• Eye Injury
• Prolonged use of corticosteroids
• Prolonged exposure to sunlight or radiation
• Cataract On Eye Seen From Side

How Are Cataracts Diagnosed?

Most cataracts can be diagnosed with an eye exam. Your eye doctor will test your vision and examine your eyes with a slit lamp microscope to look for problems with the lens and other parts of the eye. The pupils are dilated to better examine the back of the eye, where the retina and optic nerve lie.

Surgery for Cataracts

If you have vision loss caused by cataracts that can’t be corrected with glasses or contact lenses, you may need surgery to remove the cataracts. In cataract surgery, the cloudy lens is removed and replaced with an artificial lens. The surgery, which is done on an outpatient basis, is safe and extremely effective at improving vision. If cataracts are present in both eyes, surgery will be done on one eye at a time.

Types of Cataract Surgery

There are two types of cataract surgery. In the more common type, called phacoemulsification (phaco), the doctor makes a tiny incision in the eye and breaks up the lens using ultrasound waves. The lens is removed, and an intraocular lens (IOL) is put in its place. In most modern cataract surgeries the IOL eliminates the need for thick glasses or a contact lens after surgery.

Cataract Surgery Innovations

Recent developments in cataract surgery can correct both near and distance vision. They minimize or eliminate the need for reading glasses after surgery. Conventional "monofocal" lenses only correct for distance vision, meaning reading glasses are still needed after surgery. Multifocal IOLs (Intraocular Lens) can be an option in some patients to help improve both distance and near vision. "Toric" implants are available to correct astigmatism. A lens for better color vision is in development (shown here next to a dime).

What to Expect After Surgery

For a few days, your eye may be itchy and sensitive to light. You may be prescribed drops to aid healing and asked to wear an eye shield or glasses for protection. It'll take about eight weeks for your eye to heal completely, though your vision should begin to improve soon after surgery. You may still need glasses, at least occasionally, for distance or reading -- as well as a new prescription after healing is complete.
Preparing For Cataract Eye Surgery
Preparing For Cataract Eye Surgery
Cataract Surgery Risks

Complications from cataract surgery are rare. The most common risks are bleeding, infection, and changes in eye pressure, which are all treatable when caught early. Surgery slightly raises the risk of retinal detachment, which requires emergency treatment. Sometimes, lens tissue left after surgery and used to support the IOL can become cloudy, even years after surgery. This "after-cataract" is easily and permanently corrected with a laser.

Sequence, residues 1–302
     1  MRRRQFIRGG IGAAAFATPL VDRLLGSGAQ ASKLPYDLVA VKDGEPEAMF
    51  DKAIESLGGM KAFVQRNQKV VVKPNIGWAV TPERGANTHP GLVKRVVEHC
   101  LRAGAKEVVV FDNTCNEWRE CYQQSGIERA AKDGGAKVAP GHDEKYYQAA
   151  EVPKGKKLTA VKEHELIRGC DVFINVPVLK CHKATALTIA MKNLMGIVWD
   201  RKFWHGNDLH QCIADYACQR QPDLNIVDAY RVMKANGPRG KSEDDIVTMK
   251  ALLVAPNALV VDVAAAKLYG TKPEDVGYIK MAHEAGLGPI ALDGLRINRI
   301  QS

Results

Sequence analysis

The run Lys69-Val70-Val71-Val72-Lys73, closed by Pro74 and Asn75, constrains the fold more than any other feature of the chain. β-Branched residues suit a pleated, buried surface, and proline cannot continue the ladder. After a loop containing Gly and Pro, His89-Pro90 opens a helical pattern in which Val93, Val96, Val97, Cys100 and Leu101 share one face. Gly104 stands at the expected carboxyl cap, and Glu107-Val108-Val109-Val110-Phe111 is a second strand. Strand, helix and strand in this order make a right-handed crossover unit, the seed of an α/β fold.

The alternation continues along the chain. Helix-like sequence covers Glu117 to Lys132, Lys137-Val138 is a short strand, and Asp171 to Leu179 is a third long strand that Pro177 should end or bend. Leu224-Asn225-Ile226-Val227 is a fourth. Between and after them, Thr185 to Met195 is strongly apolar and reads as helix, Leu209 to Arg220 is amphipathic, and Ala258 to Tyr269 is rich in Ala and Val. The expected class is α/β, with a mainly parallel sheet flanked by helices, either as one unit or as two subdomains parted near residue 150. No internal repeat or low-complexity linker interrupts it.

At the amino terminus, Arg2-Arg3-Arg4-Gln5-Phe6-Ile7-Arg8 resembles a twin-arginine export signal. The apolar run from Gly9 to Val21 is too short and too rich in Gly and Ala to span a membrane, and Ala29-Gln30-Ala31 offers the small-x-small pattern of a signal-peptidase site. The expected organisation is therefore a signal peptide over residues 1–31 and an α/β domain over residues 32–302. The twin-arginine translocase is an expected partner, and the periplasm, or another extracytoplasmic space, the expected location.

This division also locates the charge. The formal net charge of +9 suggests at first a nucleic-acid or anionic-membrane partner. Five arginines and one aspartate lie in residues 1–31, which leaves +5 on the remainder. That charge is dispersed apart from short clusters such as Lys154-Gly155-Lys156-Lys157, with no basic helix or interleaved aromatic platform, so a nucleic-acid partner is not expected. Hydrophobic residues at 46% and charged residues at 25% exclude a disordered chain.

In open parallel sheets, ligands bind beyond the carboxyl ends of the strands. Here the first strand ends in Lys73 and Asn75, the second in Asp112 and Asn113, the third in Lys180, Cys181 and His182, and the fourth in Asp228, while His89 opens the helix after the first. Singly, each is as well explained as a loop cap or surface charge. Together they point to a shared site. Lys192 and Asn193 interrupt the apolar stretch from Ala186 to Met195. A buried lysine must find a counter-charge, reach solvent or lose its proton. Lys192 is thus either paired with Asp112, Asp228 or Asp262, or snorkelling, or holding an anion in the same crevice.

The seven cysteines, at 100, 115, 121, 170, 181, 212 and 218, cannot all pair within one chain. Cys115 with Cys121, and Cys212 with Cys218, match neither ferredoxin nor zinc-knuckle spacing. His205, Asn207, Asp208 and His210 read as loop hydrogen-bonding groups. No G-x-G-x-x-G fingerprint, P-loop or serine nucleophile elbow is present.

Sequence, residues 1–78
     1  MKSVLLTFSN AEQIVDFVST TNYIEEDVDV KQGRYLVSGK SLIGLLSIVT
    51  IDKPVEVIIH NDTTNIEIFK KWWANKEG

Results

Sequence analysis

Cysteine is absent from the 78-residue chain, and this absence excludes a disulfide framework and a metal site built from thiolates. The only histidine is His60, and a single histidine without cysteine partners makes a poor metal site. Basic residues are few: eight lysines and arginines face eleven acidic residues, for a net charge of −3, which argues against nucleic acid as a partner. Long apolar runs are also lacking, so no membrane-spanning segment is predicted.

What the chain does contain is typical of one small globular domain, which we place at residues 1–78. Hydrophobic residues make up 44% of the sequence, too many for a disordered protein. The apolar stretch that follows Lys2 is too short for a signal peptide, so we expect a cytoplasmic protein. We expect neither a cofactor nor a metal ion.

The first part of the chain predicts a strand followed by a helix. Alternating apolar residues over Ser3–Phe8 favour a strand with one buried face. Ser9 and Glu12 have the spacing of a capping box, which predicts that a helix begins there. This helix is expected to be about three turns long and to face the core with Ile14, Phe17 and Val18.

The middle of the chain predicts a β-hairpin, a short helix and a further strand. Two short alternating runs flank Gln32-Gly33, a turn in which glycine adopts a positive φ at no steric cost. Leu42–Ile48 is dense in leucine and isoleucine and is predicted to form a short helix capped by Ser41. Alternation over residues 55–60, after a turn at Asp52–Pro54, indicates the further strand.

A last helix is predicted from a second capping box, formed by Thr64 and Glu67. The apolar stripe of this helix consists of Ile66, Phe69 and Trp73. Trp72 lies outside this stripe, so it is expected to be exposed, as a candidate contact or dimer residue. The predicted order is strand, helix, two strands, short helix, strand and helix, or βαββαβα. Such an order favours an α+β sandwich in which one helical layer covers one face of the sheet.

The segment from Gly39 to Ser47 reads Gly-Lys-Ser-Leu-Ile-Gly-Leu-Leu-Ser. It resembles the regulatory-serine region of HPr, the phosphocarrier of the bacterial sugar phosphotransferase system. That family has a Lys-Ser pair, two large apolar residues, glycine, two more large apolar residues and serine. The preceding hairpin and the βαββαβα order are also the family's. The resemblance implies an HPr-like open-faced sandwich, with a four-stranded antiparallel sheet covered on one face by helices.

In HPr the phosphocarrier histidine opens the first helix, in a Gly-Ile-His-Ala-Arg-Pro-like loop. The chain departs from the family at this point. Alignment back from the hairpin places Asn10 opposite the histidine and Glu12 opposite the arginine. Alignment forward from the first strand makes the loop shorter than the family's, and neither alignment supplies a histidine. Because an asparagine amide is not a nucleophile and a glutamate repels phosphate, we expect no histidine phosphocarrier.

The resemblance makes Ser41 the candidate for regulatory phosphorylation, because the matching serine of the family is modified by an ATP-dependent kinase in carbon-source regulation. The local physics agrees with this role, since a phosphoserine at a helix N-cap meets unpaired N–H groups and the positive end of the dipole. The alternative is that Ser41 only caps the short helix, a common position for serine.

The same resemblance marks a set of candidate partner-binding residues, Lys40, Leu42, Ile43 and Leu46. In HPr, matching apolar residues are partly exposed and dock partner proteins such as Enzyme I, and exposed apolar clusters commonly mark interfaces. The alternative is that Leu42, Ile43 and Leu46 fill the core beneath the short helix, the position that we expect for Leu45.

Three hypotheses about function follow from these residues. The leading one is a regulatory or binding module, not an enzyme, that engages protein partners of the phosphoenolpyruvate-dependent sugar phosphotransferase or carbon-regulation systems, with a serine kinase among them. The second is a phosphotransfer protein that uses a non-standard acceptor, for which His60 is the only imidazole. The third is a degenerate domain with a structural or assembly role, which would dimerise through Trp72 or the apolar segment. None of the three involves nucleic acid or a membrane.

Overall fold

Should You Have Cataract Surgery?

Whether or not to have cataract surgery is up to you and your doctor. Rarely cataracts need to be removed right away, but this isn’t usually the case. Cataracts affect vision slowly over time, so many people wait to have surgery until glasses or contacts no longer improve their vision enough. If you don’t feel that your cataracts are causing problems in your day-to-day life, you may choose to wait.

Tips to Prevent Cataracts

Things you can do that may lower your risk of developing cataracts:

• Don't smoke.
• Always wear a hat or sunglasses in the sun.
• Keep diabetes well controlled.
• Limit alcohol consumption.
Read More »

Saturday, October 7

About Nosebleed or Epistaxis

About Nosebleed or Epistaxis

A nosebleed is loss of blood from the tissue lining the nose. Bleeding most often occurs in one nostril only.

Nosebleeds are very common. Most nosebleeds occur because of minor irritations or colds.

The nose contains many small blood vessels that bleed easily. Air moving through the nose can dry and irritate the membranes lining the inside of the nose. Crusts can form that bleed when irritated. Nosebleeds occur more often in the winter, when cold viruses are common and indoor air tends to be drier.
The nose contains many small blood vessels that bleed easily
The nose contains many small blood vessels that bleed easily
Most nosebleeds occur on the front of the nasal septum. This is the piece of the tissue that separates the 2 sides of the nose. This type of nosebleed can be easy stopped by a trained professional. Less commonly, nosebleeds may occur higher on the septum or deeper in the nose. Such nosebleeds may be harder to control. However, nosebleeds are rarely life threatening.

Causes of Nosebleed

Nosebleed can be caused by:

• Irritation due to allergies, colds
• sneezing or sinus problems
• Very cold or dry air
• Blowing the nose very hard, or picking the nose
• Injury to nose, including a broken nose, or an object stuck in the nose
• Deviated septum
• Chemical irritants
• Overuse of decongestant nasal sprays

Repeated nosebleeds may be a symptom of another disease such as high blood pressure, a bleeding disorder, or a tumor of the nose or sinuses. Blood thinners, such as warfarin (Coumadin),  clopidogrel (Plavix) or aspirin, may cause or worsen nosebleeds.

Home Care for Nosebleed

How to stop a nosebleed:
How to stop a nosebleed
How to stop a nosebleed
• Sit down and gently squeeze the soft portion of the nose between your thumb and finger (so that the nostrils are closed) for a full 10 minutes.
• Lean forward to avoid swallowing the blood and breathe through your mouth.
• Wait at least 10 minutes before checking if the bleeding has stopped. Be sure to allow enough time for the bleeding to stop.